New York has an eccentric new addition to its bar scene…
The Oscar Wilde is a NoMad haunt dedicated to the fabled Irish writer that also claims the mantle of having the city’s longest bar top at a whopping 118.5 ft.
A snaking slab of Carrara marble – cut in Vietnam – sits atop the carved mahogany bar, which is decorated with garlands, horses, elephants and marble lions. Antiques that fill the bar’s interiors have been sourced from England, Ireland and France, where the writer spent his life.
‘We wanted to celebrate the life and times of Oscar Wilde,’ founder Frank McCole told Architectural Digest. ‘He was an eccentric and I think we Irish are very, very proud of him. He represented us and our craziness, a bit off-centre, a little bit, which we are, and that’s a good thing!’
The whiskey bar has 18th-century wood panelling from Ireland’s Hope Castle, all well as antique French fireplaces, 19th-century Italian glass panels and tin ceilings. Some 26 clocks dot the walls, all set at ten to two – the time Oscar Wilde died.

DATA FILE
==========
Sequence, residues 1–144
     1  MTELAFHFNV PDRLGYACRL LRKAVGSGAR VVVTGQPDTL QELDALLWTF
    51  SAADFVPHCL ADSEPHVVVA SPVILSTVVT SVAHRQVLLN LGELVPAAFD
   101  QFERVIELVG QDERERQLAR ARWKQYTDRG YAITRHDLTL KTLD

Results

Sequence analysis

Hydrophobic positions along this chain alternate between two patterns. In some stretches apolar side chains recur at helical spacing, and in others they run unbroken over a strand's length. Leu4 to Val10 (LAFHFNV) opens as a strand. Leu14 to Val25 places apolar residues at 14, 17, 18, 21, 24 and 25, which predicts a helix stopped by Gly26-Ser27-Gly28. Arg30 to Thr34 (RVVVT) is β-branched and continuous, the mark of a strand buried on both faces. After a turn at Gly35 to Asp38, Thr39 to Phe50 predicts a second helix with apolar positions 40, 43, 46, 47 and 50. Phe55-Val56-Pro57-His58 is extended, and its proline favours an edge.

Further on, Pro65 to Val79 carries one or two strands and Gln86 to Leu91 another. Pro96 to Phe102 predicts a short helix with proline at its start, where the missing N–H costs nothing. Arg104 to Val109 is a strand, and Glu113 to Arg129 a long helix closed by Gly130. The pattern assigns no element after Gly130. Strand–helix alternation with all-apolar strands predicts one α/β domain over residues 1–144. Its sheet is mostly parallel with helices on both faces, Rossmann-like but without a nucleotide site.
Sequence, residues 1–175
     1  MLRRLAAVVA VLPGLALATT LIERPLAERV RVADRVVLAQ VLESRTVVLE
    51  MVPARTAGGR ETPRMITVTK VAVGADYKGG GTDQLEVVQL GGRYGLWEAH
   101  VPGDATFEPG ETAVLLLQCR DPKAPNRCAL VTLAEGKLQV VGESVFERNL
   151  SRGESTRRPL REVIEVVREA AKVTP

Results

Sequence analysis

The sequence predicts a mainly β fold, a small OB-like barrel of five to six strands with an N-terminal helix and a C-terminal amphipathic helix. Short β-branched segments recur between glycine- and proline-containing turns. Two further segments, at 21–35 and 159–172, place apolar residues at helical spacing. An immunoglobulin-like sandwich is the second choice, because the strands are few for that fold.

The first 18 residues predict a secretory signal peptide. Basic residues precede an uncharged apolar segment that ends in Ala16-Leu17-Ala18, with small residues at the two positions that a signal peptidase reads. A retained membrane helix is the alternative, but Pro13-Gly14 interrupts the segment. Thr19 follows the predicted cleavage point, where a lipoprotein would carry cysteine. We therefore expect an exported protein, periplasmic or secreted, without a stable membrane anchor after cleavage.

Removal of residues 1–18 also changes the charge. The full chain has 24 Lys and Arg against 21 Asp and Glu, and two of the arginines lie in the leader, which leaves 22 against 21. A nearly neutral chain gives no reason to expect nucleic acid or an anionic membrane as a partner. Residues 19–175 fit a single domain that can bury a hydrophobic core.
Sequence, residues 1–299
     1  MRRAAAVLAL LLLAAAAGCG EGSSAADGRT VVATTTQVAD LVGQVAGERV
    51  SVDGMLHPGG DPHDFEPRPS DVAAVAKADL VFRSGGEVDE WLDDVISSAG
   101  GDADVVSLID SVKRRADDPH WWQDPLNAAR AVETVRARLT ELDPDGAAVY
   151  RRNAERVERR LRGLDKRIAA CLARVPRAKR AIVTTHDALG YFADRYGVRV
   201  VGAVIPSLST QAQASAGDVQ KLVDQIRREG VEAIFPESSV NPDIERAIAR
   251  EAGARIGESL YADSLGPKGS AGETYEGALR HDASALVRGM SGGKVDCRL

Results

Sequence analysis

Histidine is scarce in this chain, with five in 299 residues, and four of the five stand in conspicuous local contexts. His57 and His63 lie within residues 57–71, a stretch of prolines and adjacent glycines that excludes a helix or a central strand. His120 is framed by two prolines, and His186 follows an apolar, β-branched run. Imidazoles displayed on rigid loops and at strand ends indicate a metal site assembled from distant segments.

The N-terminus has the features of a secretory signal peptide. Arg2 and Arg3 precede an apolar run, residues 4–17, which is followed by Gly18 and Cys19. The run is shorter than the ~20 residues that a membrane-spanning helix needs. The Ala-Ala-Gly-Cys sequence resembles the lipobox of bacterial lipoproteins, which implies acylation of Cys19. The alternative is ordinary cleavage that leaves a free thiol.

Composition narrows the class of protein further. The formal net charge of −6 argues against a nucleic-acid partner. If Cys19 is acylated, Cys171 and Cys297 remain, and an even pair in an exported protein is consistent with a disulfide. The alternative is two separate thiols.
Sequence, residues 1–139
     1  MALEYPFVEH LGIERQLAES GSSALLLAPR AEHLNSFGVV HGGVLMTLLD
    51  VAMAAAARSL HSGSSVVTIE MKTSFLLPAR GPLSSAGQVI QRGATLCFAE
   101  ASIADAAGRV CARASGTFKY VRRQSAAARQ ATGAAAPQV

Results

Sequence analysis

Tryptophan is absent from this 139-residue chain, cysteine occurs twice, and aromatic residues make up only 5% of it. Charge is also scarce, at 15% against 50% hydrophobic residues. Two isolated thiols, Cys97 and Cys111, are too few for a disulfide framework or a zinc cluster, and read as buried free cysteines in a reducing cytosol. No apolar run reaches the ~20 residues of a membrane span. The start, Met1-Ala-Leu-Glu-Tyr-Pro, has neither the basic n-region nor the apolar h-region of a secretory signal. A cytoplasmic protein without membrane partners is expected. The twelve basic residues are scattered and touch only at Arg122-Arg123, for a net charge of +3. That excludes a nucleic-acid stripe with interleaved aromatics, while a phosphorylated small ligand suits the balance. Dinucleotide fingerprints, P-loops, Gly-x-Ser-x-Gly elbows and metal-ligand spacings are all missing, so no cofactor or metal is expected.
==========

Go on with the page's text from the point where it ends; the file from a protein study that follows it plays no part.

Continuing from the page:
Mexican artist Annette Monter Rolland was enlisted to design custom wallpaper, crown mouldings and drapes for the 5,700 ft structure – designed in 1909 by architect Henry T J Fuehrman – while its original floorboards have been restored.
‘This [building] was the headquarters for prohibition, one floor up, and above that was the mob, and they were listening in on where the new raids were going to be,’ says McCole. ‘So putting a bar below it is just such an irony.’
Patrons can sip on over 300 spirits, including Wilde’s favoured absinthe, as well as signature cocktails by mixologist Johnny Swet, like ‘50 shades of Dorian Grey’ and ‘Oscar Wilde’s Potent Elixir’.
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